In Wish You Were Here, Williams follows Dunbar-Nelson’s travels and leisure time fishing along the banks of the Mississippi, Platt, Mystic, and Potomac Rivers. The artist’s paintings of her are less formal, more intimate, and over them Williams used fishing line to trace the shape of the rivers. In this way, Williams makes the literary giant approachable.
Williams’ I AM (Queen), is the most formal portrait of Alice Dunbar-Nelson, and elements within the composition are layered with meaning. The treatment of her dress references her racial background growing up in a Creole community in Louisiana. Dunbar-Nelson’s mother was Black and her father was white, and the poet wrote about her experience navigating two racial identities. The transition from the darker to lighter fabric across her shoulders indicates the barriers she felt connecting to both races.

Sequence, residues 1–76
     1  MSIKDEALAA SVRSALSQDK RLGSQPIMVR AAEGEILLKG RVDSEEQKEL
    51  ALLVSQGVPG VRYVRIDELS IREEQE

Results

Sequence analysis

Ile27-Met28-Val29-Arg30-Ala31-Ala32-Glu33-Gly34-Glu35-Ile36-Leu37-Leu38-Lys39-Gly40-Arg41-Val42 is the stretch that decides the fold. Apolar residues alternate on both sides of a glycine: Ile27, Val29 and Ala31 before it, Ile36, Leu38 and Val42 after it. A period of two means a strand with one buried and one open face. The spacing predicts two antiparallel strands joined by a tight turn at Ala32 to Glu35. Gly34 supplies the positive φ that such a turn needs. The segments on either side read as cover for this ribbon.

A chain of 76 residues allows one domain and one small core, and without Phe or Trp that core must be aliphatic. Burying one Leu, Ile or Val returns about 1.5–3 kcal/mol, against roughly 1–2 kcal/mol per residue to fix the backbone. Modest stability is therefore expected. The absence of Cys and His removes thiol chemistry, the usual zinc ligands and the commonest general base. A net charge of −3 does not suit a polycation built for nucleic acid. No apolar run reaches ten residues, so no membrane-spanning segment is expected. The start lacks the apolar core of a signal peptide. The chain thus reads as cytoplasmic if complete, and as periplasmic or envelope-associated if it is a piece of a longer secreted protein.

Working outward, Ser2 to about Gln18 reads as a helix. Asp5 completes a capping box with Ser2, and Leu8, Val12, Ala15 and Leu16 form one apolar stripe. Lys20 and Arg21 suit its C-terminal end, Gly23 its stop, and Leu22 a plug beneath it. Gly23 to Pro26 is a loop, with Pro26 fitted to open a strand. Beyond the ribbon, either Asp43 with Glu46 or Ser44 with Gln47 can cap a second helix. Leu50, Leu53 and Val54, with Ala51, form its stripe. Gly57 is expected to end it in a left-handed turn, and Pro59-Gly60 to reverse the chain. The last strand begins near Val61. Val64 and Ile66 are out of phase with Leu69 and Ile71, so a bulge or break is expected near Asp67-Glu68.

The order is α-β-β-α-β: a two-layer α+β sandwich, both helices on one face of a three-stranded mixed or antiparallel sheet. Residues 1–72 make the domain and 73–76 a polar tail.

Left to right: I AM (Queen), 2021. Charles Edward Williams (born 1984). Oil on mylar with etched glass, 36 1/2 x 25 3/4 inches. Commissioned by the Delaware Art Museum; Acquisition Fund, 2021. © Charles Edward Williams. | Wish You Were Here #2, 2021. Charles Edward Williams (born 1984). Oil, fishing line on watercolor paper, 5 x 7 inches. Commissioned by the Delaware Art Museum. Courtesy of the artist. © Charles Edward Williams.
The Artist’s Reflections
Charles Edward Williams reflected on this project:
As an American visionary, writer, and political activist, Alice Dunbar-Nelson sought after the truth of the human spirit and the vast wonders of togetherness. In her challenging circumstances, she remained faithful to self-discovery and shared those tender truths for helping us, humans, find our way.
Socially confined and racially unbound, her plight for redeeming souls became the forefront of her vision. In a world where she felt alone, she shared in her writings what it felt to be connected. Each day, we must have the inner strength to learn to become part of a more significant cause for others and, more importantly, for ourselves.
Join us for a Virtual Artist Talk on Thursday, January 27, Noon to hear more of Charles Edward Williams’ reflections on this work of art.
Alice Dunbar-Nelson: A Vision for Wilmington